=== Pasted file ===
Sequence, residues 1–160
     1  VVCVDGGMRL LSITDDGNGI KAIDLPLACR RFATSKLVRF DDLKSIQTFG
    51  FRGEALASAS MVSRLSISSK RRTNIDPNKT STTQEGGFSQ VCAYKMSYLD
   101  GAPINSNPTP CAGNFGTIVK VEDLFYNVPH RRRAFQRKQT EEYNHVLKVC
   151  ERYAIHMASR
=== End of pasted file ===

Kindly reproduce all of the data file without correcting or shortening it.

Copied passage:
Sequence, residues 1–160
     1  VVCVDGGMRL LSITDDGNGI KAIDLPLACR RFATSKLVRF DDLKSIQTFG
    51  FRGEALASAS MVSRLSISSK RRTNIDPNKT STTQEGGFSQ VCAYKMSYLD
   101  GAPINSNPTP CAGNFGTIVK VEDLFYNVPH RRRAFQRKQT EEYNHVLKVC
   151  ERYAIHMASR